Truckers get a bad reputation for causing highway accidents. Much of it is undeserved, however. There is no doubt that the size and weight disparity between passenger vehicles and loaded semitrucks do not bode well for those riding in the smaller automobiles.
But often it is those drivers that create the havoc and danger in the first place. One way they do this is by brake-checking big rigs.
Drivers change lanes and enter the highway right in front of semitrucks that are barreling along at 70 mph. The drivers then glance up in the rear-view mirror and see a big rig behemoth bearing down on their rear bumpers.
No one wants to be tailgated, so they figure they will teach those truckers a lesson and brake-check them.
If they are lucky, they will survive their folly. But they may never realize the chaos they create in the traffic patterns of those driving behind the trucker. Brake-checking motorists are a common cause of highway pile-ups. But by the time the damage is done, they’re miles down the highway.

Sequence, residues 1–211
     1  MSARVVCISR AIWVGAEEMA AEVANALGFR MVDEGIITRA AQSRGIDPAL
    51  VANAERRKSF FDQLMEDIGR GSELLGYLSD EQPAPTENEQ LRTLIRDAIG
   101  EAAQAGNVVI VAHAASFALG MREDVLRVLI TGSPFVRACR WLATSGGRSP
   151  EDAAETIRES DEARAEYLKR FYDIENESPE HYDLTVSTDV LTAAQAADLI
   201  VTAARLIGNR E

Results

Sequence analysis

In the above scenario, it’s not the trucker who is at fault in the accident. But you can believe that injured parties will look to the trucking companies for compensation, as they are perceived as deep-pocketed defendants after highway collisions leave injured plaintiffs.
Brake-checking is a passive example of road rage. The driver isn’t swearing, shouting or flipping off the truck driver. Motorists who tap their brakes may not even understand just how deadly their actions may be. They go tooling down the highway, oblivious or uncaring toward the carnage left behind.
Dash cam video can often exonerate truckers who get sued after collisions. A camera can capture the events leading up to the accident and also record the license plate numbers of the drivers who may have caused the crash.